Blogstats is for the ego surfer in all of us. I think the most used feature of Daypop is the citations feature that allow bloggers to see who’s linking to them. Blogstats builds on this idea to find like-minded writers using similarity algorithms.

I created Word Bursts because I noticed a couple memes that wouldn’t get listed on the Daypop Top 40 because there were no authoritative links to ANCHOR THE MEME. These memes, then, are defined primarily by phrases or words and picking out heightened usage of words from blogs in the past few days is a good way of singling out these anchorless memes.

Wishlists were created to find out what people want in terms of music, movies and books. The interesting thing to note about the Wishlist analysis is that these are products that people DID NOT run out to buy themselves, but rather, are products that they’d appreciate as a gift. In other words, they are not necessarily items that people would spend their own money on. Having said that, I think there’s probably a pretty high correlation between being popular on Wishlists and being a popular product.

What are some of the craziest Word Bursts you have seen?
Nothing too crazy. I like the words that are not proper nouns. Words that reflect something deeper than any particular event. Words like Stagnation and Complicit.

How global does it appear Weblogging has become?
It is a global phenomenon. I noticed early on Brazil just exploded. The number of Brazilian Blogs was almost outpacing English ones at one point. Now, there are so many from Europe and Asia, it’s hard to keep track of all the countries tha blog. I know that we::blog, the free blogging service that I’ve run since way before Daypop, is now home to many, many Malaysian blogs.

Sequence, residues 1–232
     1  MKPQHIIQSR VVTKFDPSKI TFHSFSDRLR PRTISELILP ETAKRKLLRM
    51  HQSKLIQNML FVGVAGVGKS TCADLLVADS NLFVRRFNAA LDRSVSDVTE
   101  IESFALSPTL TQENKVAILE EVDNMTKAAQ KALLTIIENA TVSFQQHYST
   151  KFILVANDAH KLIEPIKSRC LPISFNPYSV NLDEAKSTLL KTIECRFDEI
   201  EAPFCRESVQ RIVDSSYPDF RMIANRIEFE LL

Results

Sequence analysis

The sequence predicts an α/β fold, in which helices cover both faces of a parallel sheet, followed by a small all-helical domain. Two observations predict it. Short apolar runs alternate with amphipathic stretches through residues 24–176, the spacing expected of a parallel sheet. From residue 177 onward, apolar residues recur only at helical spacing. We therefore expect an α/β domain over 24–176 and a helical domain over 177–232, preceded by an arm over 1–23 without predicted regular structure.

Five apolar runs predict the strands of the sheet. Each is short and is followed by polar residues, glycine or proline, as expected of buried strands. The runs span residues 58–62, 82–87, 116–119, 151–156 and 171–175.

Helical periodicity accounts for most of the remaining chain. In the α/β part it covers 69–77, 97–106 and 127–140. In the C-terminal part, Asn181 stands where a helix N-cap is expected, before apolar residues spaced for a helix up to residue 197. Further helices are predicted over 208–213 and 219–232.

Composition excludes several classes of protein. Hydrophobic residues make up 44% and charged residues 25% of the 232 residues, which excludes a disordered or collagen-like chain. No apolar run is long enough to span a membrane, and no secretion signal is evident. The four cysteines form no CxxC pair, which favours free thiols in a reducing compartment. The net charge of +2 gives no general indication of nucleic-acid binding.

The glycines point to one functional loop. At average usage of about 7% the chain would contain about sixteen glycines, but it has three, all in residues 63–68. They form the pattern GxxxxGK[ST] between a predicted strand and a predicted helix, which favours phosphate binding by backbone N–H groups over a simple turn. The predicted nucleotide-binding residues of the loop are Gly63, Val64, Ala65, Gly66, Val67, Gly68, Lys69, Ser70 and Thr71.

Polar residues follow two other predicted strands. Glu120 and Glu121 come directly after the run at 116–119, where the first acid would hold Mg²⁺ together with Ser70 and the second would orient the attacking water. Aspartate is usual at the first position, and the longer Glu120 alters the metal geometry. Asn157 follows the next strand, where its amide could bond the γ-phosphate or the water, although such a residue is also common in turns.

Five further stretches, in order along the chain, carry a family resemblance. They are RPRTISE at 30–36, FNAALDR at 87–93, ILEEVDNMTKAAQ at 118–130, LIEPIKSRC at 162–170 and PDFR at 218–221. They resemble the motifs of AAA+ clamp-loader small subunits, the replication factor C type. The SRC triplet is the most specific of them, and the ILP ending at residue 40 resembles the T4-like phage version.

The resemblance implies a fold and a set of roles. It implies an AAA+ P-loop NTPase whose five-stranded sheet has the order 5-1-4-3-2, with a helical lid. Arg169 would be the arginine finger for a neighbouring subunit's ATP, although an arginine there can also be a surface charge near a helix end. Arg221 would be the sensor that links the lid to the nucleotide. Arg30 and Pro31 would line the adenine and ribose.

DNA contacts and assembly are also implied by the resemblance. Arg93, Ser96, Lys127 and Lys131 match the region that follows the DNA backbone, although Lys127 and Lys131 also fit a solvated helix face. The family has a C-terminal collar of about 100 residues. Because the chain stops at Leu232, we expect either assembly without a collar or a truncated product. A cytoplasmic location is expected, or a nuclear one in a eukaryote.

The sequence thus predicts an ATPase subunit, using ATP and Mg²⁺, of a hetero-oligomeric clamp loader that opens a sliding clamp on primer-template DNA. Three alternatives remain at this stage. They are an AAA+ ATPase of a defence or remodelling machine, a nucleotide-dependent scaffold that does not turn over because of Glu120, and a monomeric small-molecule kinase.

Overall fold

Do you see any patterns in the transfer of new information?
There’s the concept of reputation managers, or people you trust to bring you news that interests you. They effectively act as middlemen and filter multiple sources to provide summaries of topics of interest. And then there’s the meta-managers like Daypop and all the other link ranking sites that exist now, that in turn aggregate these sources to provide breaking news. It’s interesting that any one expert blogger can easily miss something important, but as a collective whole, breaking news is caught fast.

What challenges does Daypop face in its quest for tracking information popularity?

Daypop is currently not scalable. It runs off one box and does full text indexing of hundreds of thousands of pages every day. The indexing limits Daypop’s ability to track blogs because it’s such an expensive operation. If tracking links were all I cared about then the one box could handle millions of blogs, but I don’t want to lose the ability to keyword search, so I’m contemplating rewriting Daypop to allow it to run in a distributed environment.

What new developments do you see harnessing the momentum of weblogs?
I think the power of weblogs is often overstated. It is less revolution and more evolution. It’s a powerful, efficient method of self-publishing. Blogs make it simple to write on a whim and continue writing, but it doesn’t create writers out of everyone.

I use blogs these days to write about things I learn and to augment my memory, which is getting worse the older I get. It’s a way for me to record my knowledge so I’m less apt to repeat history. So there’s maybe something there in sharing knowledge through blogs.

What 2-3 gadgets could you not live without?
I used to take a digital camera with me EVERYWHERE. I took pictures of everything, both to keep a visual record and also to try and capture those beautiful fleeting moments. I used a Nikon 950 and that thing went with me — backpacking through Europe, traveling through Asia, trekking through Borneo and hiking American urban jungles — for years, until it finally gave up the ghost. The Coolpix 4500 I got to replace it just doesn’t live up to the legend.

More recently, my iPod (old model 20GB) has been on continuous play. Strangely, I don’t bring it around with me, thereby making use of its portability. Instead it sits on my desk at work cranking out tunes.

What applications or website have your attention these days?

Friendster created a blip on my radar a couple weeks ago. Unfortunately, in its current incarnation, it just doesn’t have lasting appeal to me, but I think the potential is there for something very cool